Japan’s discardedkimonos redesigned as casual wear to suit contemporary fashion | Fashion Trends

Vintage kimonos are generally considered a family heirloom and passed down through the generations, as garments fall out of fashion and the country’s population is shrinking, becoming a staple in Japan’s second-hand markets. Traditionally a long, loose dress can take 25 minutes or more. Designers are now recycling high quality fabrics from cast kimonos to make contemporary fabrics more suited to today’s sensibilities and fashion. Transformation is as much an art as a science.

“People wear kimonos every day, and now they don’t wear them because it’s uncomfortable,” says Duni Park, a Tokyo-based gallery shipper who converts Japanese and her native South Korean clothes into jumpsuits, shirts and scarves. “To continue using the materials, they must evolve with the lifestyle.”

The park, which has been selling its clothes online and in pop-up stores at department stores such as Takashimaya for the past few years, is part of a circular economic movement aimed at extending the lifespan of products. Some major retailers also tend to favor using the resale of worn clothing to limit the impact of their weather and attract younger buyers.

Between 50% and 60% of the 140,000 metric tons of textiles collected through procurement services at H&M group brands H&M, & Other Stories and Weekdays are directed at re-use and re-apparel purposes. Swedish fashion giant Second Hand is a majority shareholder in online clothing retailer Zelpi. US outdoor clothing retailer Patagonia Inc. It allows customers to buy or trade used clothing and gear through its WornWare website and promote repairs through its stores.

Fabric quality is a key factor in the ability to recycle or recycle clothing, and according to BloombergNEF editor Briony Collins, many of the garments produced at “fast fashion retailers” have a short life span. Historically, kimonos have been made from materials including silk, cotton or wool, although newer versions are also available in synthetics.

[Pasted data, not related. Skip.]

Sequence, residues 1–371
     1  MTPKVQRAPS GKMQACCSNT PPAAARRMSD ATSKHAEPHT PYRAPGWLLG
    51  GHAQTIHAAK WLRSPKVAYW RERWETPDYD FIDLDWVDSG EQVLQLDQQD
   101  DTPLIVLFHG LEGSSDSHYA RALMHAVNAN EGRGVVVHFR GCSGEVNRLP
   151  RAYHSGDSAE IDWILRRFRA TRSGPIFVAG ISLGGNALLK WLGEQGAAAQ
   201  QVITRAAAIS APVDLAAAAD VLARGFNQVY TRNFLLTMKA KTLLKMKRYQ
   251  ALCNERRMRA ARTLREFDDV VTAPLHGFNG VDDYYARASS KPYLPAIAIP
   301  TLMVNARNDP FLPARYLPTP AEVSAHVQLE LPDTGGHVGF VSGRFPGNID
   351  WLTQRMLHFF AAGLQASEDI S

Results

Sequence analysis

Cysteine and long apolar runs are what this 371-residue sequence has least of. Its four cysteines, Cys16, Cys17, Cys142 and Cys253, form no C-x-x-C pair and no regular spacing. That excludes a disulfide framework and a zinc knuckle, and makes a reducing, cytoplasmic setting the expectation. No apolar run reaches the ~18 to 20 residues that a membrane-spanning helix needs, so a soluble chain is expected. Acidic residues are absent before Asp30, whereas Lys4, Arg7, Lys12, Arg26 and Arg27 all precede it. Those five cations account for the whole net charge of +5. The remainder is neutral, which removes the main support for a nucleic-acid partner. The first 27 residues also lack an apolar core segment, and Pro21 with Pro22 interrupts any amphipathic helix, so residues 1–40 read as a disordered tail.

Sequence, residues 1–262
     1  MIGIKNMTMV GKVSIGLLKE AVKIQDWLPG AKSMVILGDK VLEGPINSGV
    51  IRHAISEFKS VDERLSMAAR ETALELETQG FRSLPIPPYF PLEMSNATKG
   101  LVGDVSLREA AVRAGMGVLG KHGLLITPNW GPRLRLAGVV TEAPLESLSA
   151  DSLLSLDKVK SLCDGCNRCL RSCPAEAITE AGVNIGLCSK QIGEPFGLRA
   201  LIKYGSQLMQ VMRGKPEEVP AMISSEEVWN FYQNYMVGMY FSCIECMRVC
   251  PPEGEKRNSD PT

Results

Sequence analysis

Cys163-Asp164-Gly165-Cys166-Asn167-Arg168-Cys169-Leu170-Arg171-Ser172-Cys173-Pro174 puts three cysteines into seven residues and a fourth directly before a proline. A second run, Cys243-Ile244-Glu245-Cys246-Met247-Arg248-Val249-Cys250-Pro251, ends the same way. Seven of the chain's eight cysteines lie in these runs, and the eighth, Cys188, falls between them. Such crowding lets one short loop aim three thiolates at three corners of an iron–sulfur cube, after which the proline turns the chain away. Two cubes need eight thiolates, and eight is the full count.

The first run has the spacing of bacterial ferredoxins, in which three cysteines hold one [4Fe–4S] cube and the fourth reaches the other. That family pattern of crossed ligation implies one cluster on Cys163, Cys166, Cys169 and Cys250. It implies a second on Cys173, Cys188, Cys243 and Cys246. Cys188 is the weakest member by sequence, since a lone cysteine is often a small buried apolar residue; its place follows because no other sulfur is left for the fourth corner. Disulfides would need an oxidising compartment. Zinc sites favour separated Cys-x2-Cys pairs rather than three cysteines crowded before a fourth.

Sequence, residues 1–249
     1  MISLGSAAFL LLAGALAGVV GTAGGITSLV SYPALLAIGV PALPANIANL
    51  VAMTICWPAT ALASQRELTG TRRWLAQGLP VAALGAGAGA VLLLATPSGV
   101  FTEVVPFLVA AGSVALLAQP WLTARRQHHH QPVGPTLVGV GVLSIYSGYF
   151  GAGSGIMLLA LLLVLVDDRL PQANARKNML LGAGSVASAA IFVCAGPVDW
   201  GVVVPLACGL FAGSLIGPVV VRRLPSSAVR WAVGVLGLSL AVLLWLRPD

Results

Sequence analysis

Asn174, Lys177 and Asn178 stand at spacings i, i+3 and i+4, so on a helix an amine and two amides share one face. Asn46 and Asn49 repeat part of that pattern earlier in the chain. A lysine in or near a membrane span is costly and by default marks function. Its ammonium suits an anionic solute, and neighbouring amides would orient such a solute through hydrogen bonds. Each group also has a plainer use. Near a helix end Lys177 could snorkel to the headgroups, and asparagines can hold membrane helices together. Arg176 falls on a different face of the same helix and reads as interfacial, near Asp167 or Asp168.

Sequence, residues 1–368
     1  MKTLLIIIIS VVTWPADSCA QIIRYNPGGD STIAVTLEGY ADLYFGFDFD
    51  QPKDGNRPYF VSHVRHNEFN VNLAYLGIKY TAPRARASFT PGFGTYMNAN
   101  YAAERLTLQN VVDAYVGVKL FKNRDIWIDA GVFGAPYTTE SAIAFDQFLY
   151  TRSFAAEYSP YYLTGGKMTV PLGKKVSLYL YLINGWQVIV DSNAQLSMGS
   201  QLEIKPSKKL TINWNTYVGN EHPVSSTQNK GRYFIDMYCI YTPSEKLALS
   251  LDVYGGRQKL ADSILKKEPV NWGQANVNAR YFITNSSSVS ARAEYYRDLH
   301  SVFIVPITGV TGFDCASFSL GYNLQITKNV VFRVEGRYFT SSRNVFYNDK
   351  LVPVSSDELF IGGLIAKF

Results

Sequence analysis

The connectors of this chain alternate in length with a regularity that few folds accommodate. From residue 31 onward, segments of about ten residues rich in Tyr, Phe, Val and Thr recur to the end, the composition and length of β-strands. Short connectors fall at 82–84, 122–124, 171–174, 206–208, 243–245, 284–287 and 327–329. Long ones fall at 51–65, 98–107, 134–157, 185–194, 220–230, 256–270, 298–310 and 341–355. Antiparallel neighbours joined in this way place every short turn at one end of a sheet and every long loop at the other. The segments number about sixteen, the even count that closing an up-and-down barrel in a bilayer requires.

Kimonos have a life cycle that benefits entire families and communities and can last for decades or more. After the garments are eroded enough to be used as clothing, they can be used as cushion covers and then the rag or baby diapers can eventually be burned and spread in the fields, said Isaac Hida, founder of online marketplace Kimonoya Japan. .

“The kimonos are extremely eco-friendly,” said Hida, who often buys his second-hand supplies at auction. “There is no waste.”

On a recent Sunday, the gallery was wounded by stalls at Park Tokyo’s Odo Antique Market. The event, which takes place every two weeks at the Outdoor Plaza next to Shake Shack and across the street from the Bik Camera, is a quiet celebration of gently worn objects and objects, some of which have been in use for centuries.

Park was in search of second hand materials for his collection. The kimonos are usually made from a single bolt of Japanese tamano fabric, about 40 centimeters wide and 12 to 15 meters long, which is designed to be completely reusable.

“It takes minimal changes to Tanmono to make a kimono,” Park says. “And when you break up the kimono, it goes back to the original taimono fabric.”

Park’s worn-out clothing line also presents a shortage of brands that use Virgin products: stories and contact. Occasionally invented the fabric depicting Park Shunga – a type of Japanese erotic art – where men would line the inside of their kimonos or wear them underneath. The scenes did not have to be shown in public and some wearers believed the clothing would enhance their masculinity. “It was very hidden and no one talked about it but everyone knew about it,” Park says.

Such details make her designs more interesting. Although global consumers increasingly consider the sustainability of clothing when they make purchases, decisions are deeply affected by emotional connections.

“It has to do with clothing and fashion, with branding and marketing,” said Collins of BNEF. “But ultimately how you motivate people to wear clothes is to make them feel better.”

This story was published by Wire Agency Feed without modification to the text. Only the title has been changed.

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